Activator Development for Controlling Degradation Rates of Polymeric Diverting Agents
- B. Raghava Reddy (Halliburton Energy Services Group) | Janette Cortez (Halliburton Energy Services)
- Document ID
- Society of Petroleum Engineers
- SPE Production & Operations
- Publication Date
- February 2014
- Document Type
- Journal Paper
- 42 - 50
- 2014.Society of Petroleum Engineers
- 1.10 Drilling Equipment, 4.2.3 Materials and Corrosion, 1.8 Formation Damage, 2.2.3 Fluid Loss Control
- Extended Fractures, Dendritic fractures, Shale stimulation, Diverting agents, Multistage fracturing
- 5 in the last 30 days
- 525 since 2007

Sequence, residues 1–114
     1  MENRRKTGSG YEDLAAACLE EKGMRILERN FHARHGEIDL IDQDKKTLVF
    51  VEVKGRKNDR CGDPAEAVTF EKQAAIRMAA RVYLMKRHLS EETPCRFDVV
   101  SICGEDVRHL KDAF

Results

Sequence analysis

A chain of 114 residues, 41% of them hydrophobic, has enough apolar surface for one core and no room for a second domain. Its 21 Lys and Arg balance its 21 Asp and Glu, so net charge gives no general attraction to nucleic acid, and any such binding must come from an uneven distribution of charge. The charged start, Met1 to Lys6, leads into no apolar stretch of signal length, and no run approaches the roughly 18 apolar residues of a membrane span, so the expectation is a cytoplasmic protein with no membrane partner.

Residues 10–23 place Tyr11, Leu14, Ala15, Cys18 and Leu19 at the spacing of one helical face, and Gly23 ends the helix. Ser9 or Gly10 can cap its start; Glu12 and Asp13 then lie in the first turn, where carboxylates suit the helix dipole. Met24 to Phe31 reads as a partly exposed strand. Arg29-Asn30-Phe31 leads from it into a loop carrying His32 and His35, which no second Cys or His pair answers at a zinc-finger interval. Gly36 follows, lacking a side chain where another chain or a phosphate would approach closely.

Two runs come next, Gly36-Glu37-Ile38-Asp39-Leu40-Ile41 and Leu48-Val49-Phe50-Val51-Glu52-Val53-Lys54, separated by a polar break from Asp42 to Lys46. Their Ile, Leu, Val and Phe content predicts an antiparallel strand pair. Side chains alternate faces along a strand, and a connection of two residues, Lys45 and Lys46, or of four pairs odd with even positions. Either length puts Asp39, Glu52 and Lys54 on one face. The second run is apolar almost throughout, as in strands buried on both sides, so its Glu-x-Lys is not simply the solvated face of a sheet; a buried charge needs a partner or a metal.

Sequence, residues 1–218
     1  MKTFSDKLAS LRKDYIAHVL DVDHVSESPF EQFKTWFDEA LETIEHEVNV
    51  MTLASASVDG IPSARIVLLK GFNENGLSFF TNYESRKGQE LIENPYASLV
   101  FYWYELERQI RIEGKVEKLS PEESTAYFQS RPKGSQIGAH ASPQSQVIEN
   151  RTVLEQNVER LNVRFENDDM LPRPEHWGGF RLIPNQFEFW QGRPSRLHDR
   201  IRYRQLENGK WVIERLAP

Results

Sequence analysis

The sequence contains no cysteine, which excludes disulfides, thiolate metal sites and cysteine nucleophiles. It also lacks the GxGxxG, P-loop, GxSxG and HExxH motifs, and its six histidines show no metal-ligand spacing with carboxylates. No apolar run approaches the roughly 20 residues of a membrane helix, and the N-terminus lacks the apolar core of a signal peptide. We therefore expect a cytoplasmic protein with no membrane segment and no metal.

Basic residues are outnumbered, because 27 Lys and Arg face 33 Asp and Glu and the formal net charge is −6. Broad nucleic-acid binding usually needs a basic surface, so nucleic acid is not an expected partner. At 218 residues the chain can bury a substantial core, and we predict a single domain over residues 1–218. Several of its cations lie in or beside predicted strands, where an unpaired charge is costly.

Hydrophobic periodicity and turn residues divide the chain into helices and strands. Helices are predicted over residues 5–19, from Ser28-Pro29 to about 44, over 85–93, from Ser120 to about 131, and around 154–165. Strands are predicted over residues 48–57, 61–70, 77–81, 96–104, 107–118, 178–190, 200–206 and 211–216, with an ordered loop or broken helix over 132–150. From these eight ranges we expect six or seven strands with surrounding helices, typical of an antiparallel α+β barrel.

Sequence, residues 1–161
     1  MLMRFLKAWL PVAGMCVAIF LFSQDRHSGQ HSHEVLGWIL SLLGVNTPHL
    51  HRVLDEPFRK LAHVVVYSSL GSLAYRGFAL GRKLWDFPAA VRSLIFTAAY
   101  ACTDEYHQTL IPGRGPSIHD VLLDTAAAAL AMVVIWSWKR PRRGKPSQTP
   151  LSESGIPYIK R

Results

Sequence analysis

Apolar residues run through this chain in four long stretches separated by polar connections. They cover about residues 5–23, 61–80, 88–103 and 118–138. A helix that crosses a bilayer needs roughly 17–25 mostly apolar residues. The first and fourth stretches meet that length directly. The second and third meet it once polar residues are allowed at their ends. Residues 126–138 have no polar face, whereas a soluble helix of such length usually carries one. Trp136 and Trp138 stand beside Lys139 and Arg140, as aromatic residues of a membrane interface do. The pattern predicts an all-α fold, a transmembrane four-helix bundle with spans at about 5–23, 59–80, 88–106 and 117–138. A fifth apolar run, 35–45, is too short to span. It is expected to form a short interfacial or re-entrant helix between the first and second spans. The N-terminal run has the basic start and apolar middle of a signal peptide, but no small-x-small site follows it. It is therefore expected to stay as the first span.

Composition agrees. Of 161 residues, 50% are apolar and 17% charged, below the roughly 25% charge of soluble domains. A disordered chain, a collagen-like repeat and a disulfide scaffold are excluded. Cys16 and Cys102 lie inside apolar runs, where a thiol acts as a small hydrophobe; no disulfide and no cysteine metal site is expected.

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Hydrolytically degradable polymers (generally aliphatic polyesters) have been used in a variety of applications in the oil field, such as fluid diversion, fluid-loss control, and filter-cake-removal applications. In general, diverting agents and fluid-loss-control materials are only necessary to perform the intended function for a finite amount of time. Once the well is completed or placed on production, it is desirable that the degradable materials be removed so that they no longer have any influence on subsequent fluid flow. With time and temperature, the degradable polymers will break down by forming water-soluble byproducts, leaving behind limited, if any, residual formation damage. The effective formation sealing by these materials while in place, and eventual cleanup, has made them sought after materials for a growing number of applications. However, for cooler temperatures and applications for which the well must be placed on production rather quickly, there have not been many options to controllably increase the rates of polymer degradation. Strong acids and bases are known to accelerate the degradation of polyesters. Use of these materials can present several disadvantages, such as corrosion and/or undesirable reactions with the formation. This paper discusses amine- and aminoalcohol-based compounds as potential degradation accelerators (DAs) of polymers containing ester-functional groups in the polymer backbone. Oligomeric polyamines, such as ethylenediamine (EDA) and its homologues, and aminoalcohols, such as ethanolamine (EA), were tested as accelerators for polymer breakdown. Commercial polyesters tested in this study had variable crystalline and amorphous content. With one exception, polyglycolic acid (PGA), all polyesters contained polylactic acid (PLA)/polylactide either exclusively or as one of the components. The tests were performed under static conditions by aging known quantities of particulate polymers with identical particle-size distributions in excess aqueous fluids, and loss in recovered dried mass was measured periodically at test temperature. The results indicated that oligomeric polyamines accelerated polymer degradation significantly compared with water. The degradation rates were the highest for totally amorphous polymer and decreased with the increase in crystallinity. Some semicrystalline polymers appeared to increase in weight initially before manifesting weight loss because of degradation, especially in the presence of a polymeric amine, and to a lesser extent in the presence of water. Among aminoalcohols, EA containing a primary amine group was significantly more effective than that containing a tertiary amine in degrading semicrystalline polymers. Trialkanolamines appeared to cause swelling of the particulate semicrystalline polymers before significant weight loss from degradation manifested. Mechanistic implications of the results relating the degrading chemicals and the polymer properties and compositions are proposed.
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